The agreement between the utility, state, and EPA is expected to bring PSO into compliance with regional haze regulations, the federal government’s effort to clear the air at national parks and wildlife refuges.

Scott Lowe / Flickr Creative Commons

People who drive natural gas powered vehicles aren’t used to pain at the pump, but a federal tax credit that expires at the end of 2013 will add at least 50 cents to the price of a gallon of compressed natural gas.

A picture of a natural gas extraction site in the shadow of a setting sun.
Chesapeake Energy

A Chesapeake Energy subsidiary agrees to nearly $10 million in fines and restoration work to settle federal allegations over unauthorized discharges of fill material at more than two dozen natural gas extraction sites in West Virginia.

The U.S. Environmental Protection Agency and Department of Justice announced the settlement Thursday.

Oklahoma City-based Chesapeake's subsidiary, Chesapeake Appalachia LLC, will pay a $3.2 million fine and spend $6.7 million on restoration work. It also agreed to implement a plan to follow water protection laws.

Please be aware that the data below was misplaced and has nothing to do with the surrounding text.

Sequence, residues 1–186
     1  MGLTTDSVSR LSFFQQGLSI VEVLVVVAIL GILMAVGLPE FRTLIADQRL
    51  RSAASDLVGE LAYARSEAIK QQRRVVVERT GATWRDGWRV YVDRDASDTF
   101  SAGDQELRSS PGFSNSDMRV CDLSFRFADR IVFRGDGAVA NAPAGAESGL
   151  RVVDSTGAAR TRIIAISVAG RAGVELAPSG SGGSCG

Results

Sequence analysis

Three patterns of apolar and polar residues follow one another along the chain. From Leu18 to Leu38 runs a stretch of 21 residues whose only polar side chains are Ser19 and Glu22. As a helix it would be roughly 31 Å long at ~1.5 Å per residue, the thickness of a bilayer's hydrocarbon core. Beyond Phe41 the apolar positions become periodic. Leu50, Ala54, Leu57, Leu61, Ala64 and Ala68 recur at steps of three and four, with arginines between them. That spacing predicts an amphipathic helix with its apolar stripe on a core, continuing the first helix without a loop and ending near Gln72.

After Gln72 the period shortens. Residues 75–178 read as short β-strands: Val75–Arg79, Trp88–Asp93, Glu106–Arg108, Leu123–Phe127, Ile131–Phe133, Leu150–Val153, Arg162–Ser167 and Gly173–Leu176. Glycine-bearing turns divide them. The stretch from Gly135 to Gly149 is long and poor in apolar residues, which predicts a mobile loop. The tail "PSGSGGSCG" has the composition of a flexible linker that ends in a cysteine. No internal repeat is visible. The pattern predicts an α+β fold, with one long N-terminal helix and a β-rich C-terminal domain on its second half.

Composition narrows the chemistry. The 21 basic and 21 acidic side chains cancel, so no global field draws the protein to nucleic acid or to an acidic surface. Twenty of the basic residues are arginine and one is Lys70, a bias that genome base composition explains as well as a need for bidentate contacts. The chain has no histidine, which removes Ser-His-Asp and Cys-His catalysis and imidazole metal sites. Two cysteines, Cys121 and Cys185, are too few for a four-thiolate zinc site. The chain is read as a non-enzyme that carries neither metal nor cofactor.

Close-up of a Pump Jack
neillharmer / Flickr

Kerr-McGee, former Oklahoma-based oil and gas company, was sold to Houston-based Anadarko Petroleum in 2006. But not before Kerr-McGee transferred polluted sites in more than 20 states to a spin-off company, Tronox Ltd.

railroad oil cars on a track
Russ Allison Loar / Flickr Creative Commons

Some of the best new oil and gas plays are in some of the most remote areas of the country, where there’s little to no pipeline infrastructure to move freshly drilled crude out.

And getting the massive amounts of tracking sand to where is a major issue, too. The answer to both problems? Railroads, as The Oklahoman‘s Paul Monies reports:

A scientist at the Southern Great Plains research facility in Lamont, Okla., transfers air samples to a flask for transport back to a lab.
U.S. Department of Energy

A new study of atmospheric methane in the United States suggests much higher levels than previously thought. The new data raises questions about the impact of natural gas production in Oklahoma and neighboring states, where emission estimates have more than doubled.

Oklahoma Corporation Commission

Supporters of the oil and gas industry ‘blasted’ environmental regulations and a campaign against fossil fuels at an Oct. 17 energy policy conference in downtown Tulsa, the Tulsa World’s Susan Hylton reports.

Conference speakers included Bob Tippee, editor of the Oil & Gas Journal, who assailed President Barack Obama’s “extremist” environmentalist supporters, and William Yeatman, an energy policy analyst for the Competitive Enterprise Institute, who went after federal regional haze rules.

State government's financial support of horizontal drilling is being questioned. What was once unique, is now commonplace. The Oklahoma Policy Institute and Headwater Econmics studied just where the state ranks in incentives provided to oil and gas companies.